What is the Gift Tax?

November 2022gift made of $100 bill

Giving a gift that fulfills some want or need is a great way to show someone that you care about them. What if that gift is a high-value item like a car for your teen driver or a cash gift for a friend who’s fallen on hard times? You could wind up stuck paying a gift tax.

How the IRS defines a gift

The Internal Revenue Service leaves no room for confusion as to what the gift tax is and how it works. As the name suggests, it’s a tax levied on any property that changes hands where the giver receives nothing in return. The IRS notes that this tax will apply whether or not the individual giving someone property intends it as a gift.

The gift tax can also apply to instances where the person giving the property does not receive something of equal value in return. If, for example, you sell your house at well below market value to provide your child with a starter home, that would qualify as a gift. While the IRS uses the term property in defining the tax, giving someone money indeed counts as a gift. Given the IRS’ guidelines, an interest-free or reduced-interest loan may also qualify for the gift tax because you’re not receiving full consideration (market-rate interest) for your money.

Exceptions to the gift tax

According to the IRS, any gift is a taxable gift from a general perspective. There are, however, multiple exceptions that would preclude you from needing to pay a gift tax. Chiefly, any gifts that do not exceed the annual exclusion for a given year are not taxable. According to NerdWallet’s Tina Orem, the maximum annual exclusion for 2022 is $16,000 per recipient. This means you could give multiple people gifts of $16,000 or less in a calendar year and still not need to worry about filling out an IRS Form 709.

Orem also notes that the IRS has a maximum lifetime gift tax exclusion, but its threshold is high enough that most people will never need to worry about coming close to hitting it. In 2022, the lifetime max is $12,060,000. For context, you could give $50,000 in total gifts every year and it would take you 234 years to hit the maximum exclusion at the current total.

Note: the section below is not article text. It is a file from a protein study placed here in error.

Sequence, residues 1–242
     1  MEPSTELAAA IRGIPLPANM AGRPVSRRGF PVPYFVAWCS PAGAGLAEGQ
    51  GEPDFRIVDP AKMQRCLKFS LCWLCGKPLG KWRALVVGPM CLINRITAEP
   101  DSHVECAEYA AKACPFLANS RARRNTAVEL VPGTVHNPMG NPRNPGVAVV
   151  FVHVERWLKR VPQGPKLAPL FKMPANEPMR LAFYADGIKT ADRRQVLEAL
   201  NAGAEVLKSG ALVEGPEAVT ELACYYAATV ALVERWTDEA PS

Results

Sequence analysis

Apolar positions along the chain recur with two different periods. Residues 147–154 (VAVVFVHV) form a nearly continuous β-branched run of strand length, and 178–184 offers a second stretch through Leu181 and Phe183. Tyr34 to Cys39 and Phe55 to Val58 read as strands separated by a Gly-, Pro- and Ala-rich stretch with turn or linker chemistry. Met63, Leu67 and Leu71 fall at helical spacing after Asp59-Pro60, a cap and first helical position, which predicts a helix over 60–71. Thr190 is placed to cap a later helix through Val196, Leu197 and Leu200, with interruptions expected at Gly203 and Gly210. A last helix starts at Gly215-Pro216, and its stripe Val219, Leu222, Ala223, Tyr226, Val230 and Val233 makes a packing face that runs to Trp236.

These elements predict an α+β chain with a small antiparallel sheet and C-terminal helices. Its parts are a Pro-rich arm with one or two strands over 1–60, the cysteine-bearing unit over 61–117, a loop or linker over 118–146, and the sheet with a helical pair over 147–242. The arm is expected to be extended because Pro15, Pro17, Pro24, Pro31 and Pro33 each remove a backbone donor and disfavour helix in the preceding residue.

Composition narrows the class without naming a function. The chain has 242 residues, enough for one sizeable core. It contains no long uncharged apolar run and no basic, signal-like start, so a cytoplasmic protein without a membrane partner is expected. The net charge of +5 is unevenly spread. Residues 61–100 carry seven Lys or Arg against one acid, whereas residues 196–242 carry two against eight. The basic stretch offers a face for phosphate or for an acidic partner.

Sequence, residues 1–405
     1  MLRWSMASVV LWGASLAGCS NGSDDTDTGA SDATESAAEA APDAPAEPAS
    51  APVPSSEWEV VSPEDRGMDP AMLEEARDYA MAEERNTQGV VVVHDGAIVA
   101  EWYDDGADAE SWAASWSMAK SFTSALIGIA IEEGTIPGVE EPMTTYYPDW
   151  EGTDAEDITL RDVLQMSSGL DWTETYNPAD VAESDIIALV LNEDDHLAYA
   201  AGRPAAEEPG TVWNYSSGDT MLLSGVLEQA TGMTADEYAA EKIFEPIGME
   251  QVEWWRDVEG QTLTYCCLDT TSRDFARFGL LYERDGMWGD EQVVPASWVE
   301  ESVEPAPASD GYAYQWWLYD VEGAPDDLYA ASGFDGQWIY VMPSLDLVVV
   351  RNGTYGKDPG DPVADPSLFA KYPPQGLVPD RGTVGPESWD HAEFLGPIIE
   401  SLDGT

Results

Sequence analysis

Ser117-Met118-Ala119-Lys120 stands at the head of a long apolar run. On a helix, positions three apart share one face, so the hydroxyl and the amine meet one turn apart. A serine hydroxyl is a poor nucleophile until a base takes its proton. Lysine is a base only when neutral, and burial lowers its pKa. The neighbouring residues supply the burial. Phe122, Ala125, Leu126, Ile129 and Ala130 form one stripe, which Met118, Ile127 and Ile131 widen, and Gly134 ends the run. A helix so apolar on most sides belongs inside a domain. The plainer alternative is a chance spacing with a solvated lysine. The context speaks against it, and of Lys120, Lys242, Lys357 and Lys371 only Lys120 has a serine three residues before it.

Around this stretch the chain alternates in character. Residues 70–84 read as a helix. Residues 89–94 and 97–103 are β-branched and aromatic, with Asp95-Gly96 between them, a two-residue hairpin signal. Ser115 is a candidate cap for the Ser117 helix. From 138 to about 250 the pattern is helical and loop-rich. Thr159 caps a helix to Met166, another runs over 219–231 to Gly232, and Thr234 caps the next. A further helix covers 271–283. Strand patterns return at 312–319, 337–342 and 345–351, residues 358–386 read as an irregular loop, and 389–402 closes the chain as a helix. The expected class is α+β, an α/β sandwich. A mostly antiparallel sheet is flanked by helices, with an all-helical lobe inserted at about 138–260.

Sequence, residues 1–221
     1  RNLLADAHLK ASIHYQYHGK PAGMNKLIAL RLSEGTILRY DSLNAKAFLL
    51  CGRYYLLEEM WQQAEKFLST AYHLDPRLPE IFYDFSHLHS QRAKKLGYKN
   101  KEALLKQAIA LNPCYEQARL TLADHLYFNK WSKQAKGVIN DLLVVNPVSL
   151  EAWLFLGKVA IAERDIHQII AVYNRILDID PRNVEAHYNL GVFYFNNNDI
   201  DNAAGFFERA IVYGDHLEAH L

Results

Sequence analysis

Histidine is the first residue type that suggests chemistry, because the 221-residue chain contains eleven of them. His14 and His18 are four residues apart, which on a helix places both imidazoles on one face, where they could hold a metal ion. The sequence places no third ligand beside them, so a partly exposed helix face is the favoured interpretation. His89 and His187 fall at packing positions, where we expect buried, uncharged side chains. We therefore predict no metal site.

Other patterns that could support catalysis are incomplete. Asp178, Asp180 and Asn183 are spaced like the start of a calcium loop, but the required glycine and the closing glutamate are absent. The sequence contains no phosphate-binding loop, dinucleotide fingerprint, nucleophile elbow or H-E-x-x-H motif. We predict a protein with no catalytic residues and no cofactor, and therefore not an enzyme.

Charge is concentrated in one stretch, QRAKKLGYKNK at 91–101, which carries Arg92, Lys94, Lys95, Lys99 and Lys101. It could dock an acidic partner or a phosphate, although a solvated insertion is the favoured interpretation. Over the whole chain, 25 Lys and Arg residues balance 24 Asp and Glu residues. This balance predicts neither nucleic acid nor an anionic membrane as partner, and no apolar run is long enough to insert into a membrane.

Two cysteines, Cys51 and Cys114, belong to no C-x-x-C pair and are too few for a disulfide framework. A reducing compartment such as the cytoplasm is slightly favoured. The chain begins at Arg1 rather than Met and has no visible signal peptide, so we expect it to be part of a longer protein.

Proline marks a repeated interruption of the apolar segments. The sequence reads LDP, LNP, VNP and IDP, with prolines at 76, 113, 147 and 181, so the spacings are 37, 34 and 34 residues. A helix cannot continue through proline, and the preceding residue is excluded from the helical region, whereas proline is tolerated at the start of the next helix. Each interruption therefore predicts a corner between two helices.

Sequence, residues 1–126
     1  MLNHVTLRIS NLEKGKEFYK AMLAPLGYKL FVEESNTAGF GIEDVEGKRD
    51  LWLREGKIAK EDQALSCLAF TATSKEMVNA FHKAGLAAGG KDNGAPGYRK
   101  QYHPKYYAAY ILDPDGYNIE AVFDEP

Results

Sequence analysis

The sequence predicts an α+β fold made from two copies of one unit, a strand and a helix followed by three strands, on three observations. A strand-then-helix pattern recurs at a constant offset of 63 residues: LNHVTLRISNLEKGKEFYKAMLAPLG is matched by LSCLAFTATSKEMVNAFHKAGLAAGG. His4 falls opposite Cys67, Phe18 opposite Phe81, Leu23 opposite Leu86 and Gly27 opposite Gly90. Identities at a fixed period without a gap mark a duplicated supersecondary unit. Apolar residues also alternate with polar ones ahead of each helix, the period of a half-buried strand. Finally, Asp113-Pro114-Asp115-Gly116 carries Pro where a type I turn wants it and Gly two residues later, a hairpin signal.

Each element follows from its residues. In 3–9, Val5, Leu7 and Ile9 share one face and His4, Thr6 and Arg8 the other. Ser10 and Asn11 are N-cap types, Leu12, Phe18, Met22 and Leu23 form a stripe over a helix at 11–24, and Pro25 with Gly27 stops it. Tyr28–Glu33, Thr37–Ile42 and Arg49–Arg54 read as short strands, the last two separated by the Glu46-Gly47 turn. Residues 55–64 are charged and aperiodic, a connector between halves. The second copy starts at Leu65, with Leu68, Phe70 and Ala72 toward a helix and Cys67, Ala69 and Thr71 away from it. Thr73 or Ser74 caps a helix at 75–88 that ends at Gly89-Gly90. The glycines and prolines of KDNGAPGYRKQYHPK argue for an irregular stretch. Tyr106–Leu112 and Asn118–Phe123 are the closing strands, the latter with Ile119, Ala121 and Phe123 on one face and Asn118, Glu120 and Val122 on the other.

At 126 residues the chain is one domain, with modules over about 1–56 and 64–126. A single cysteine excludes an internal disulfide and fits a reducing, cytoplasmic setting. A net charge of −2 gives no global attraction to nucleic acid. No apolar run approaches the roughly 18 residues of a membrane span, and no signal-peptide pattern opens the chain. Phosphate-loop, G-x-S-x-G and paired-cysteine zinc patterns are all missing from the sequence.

The IRS also outlines several other common exclusions to the gift tax. Gifts between spouses are not taxable, which means you can honor anniversaries and birthdays with as much generosity as your heart (and wallet) can muster. You can also pay off tuition or medical expenses for anyone — be they family or friend — under the educational and medical exclusions.

What to do if you exceed the maximum gift exclusion

If you buy your mother a nice car or pay for your child’s wedding, you may blow past the $16,000 maximum annual exclusion fairly easily. In this case, you will need to file an IRS Form 709. For this, the IRS recommends documenting the fair market value of your gift.
The IRS notes that the donor of a gift is usually the one responsible for filing and paying any tax, but you can make an arrangement in which the recipient pays the tax amount. For these situations, the IRS recommends talking to a tax professional, and it also suggests working with an attorney or certified public accountant on issues related to your estate, will, or trust.

While you likely won’t need to worry about the gift tax outside of specific circumstances, it’s always a good idea to consult a tax professional if you’re unsure. A tax pro can put your mind at ease so that you can give freely and without fear of needing to pay Uncle Sam.